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The tumor suppressor gene PTEN can regulate cardiac hypertrophy and survival.

Authors: Schwartzbauer, G  Robbins, J 
Citation: Schwartzbauer G and Robbins J, J Biol Chem. 2001 Sep 21;276(38):35786-93. Epub 2001 Jul 11.
Pubmed: (View Article at PubMed) PMID:11448956
DOI: Full-text: DOI:10.1074/jbc.M102479200

Cardiac hypertrophy is a complex process involving the coordinated actions of many genes. In a high throughput screen designed to identify transcripts that are actively translated during cardiac hypertrophy, we identified a number of genes with established links to hypertrophy, including those coding for Sp3, c-Jun, annexin II, cathepsin B, and HB-EGF, thus showing the general utility of the screen. Focusing on a candidate transcript that has not been previously linked to hypertrophy, we found that protein levels of the tumor suppressor PTEN (phosphatase and tensin homologue on chromosome ten) were increased in the absence of increased messenger RNA levels. Increased PTEN expression by recombinant adenovirus in cultured neonatal rat primary cardiomyocytes caused cardiomyocyte apoptosis as evidenced by increased caspase-3 activity and cleaved poly(A)DP-ribose polymerase. Expression of PTEN was also able to block growth factor signaling through the phosphatidylinositol 3,4,5-triphosphate pathway. Surprisingly, expression of a catalytically inactive PTEN mutant led to cardiomyocyte hypertrophy, with increased protein synthesis, cell surface area, and atrial natriuretic factor expression. This hypertrophy was accompanied by an increase in Akt activity and improved cell viability in culture.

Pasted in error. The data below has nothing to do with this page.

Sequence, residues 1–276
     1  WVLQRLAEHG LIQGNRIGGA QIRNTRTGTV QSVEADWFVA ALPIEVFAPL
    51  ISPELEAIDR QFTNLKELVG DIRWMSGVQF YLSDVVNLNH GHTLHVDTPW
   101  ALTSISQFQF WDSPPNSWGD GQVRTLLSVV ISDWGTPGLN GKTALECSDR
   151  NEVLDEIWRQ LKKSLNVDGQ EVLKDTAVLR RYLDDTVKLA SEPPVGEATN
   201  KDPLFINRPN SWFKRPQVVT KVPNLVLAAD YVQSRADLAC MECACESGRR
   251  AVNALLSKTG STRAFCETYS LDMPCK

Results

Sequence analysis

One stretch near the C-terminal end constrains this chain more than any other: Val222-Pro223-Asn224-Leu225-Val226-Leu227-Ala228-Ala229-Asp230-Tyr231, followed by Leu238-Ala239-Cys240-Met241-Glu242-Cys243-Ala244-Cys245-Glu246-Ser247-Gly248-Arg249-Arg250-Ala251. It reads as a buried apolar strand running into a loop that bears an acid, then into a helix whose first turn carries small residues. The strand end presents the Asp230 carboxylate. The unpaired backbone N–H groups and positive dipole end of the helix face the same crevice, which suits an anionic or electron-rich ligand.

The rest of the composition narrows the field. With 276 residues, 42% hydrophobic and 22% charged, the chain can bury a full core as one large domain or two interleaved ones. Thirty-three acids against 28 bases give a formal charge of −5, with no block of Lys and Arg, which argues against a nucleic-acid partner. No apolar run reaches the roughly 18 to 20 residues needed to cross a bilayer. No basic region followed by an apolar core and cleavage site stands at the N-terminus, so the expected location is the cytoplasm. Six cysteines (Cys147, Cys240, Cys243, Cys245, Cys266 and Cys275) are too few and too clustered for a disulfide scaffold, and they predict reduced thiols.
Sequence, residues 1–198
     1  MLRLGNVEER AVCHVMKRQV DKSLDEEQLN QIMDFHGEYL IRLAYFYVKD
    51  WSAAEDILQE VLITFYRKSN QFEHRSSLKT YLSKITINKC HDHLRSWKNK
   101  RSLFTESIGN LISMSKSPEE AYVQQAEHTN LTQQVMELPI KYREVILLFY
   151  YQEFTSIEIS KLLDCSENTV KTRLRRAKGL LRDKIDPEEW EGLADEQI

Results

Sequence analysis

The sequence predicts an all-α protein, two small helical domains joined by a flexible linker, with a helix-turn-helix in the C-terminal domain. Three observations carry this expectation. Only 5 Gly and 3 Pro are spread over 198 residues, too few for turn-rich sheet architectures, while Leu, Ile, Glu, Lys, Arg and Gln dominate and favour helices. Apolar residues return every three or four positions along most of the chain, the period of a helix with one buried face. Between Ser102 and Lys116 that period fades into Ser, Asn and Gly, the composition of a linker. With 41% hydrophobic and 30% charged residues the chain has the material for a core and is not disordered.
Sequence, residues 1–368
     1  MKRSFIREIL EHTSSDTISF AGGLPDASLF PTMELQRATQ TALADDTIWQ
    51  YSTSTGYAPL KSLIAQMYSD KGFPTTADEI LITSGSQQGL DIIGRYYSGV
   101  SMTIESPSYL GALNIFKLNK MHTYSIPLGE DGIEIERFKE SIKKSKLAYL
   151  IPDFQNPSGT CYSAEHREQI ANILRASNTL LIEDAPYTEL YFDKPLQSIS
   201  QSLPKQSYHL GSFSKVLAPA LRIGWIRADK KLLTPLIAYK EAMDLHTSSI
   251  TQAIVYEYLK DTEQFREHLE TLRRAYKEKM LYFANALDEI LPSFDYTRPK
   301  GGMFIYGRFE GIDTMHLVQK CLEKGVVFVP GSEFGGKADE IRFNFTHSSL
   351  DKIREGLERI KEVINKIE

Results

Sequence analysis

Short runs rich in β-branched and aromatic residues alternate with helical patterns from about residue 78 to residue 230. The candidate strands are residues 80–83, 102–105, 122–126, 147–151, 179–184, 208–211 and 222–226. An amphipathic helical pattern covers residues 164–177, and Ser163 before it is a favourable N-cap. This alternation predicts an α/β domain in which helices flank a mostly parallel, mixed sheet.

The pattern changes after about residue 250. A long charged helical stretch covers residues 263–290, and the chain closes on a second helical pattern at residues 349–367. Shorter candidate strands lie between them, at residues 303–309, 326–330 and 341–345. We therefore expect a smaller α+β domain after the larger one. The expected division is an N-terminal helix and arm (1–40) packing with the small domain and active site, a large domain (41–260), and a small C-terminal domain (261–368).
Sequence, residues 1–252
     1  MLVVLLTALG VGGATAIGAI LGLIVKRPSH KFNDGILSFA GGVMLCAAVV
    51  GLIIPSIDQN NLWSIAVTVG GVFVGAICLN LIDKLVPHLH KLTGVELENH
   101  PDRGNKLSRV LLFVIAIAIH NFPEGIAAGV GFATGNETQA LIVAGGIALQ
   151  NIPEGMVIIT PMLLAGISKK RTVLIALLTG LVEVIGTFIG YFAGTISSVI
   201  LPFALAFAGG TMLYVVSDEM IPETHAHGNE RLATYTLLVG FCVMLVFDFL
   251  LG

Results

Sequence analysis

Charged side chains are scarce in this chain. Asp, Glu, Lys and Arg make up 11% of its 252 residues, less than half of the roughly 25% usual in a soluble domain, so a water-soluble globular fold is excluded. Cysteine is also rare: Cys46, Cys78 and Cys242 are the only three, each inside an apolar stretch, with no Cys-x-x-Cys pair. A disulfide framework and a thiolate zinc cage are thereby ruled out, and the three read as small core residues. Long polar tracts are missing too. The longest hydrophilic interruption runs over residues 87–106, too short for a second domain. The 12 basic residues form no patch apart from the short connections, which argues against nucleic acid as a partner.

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CRRD Object Information
CRRD ID: 1581282
Created: 2006-09-25
Species: All species
Last Modified: 2006-09-25
Status: ACTIVE



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RGD is funded by grant HL64541 from the National Heart, Lung, and Blood Institute on behalf of the NIH.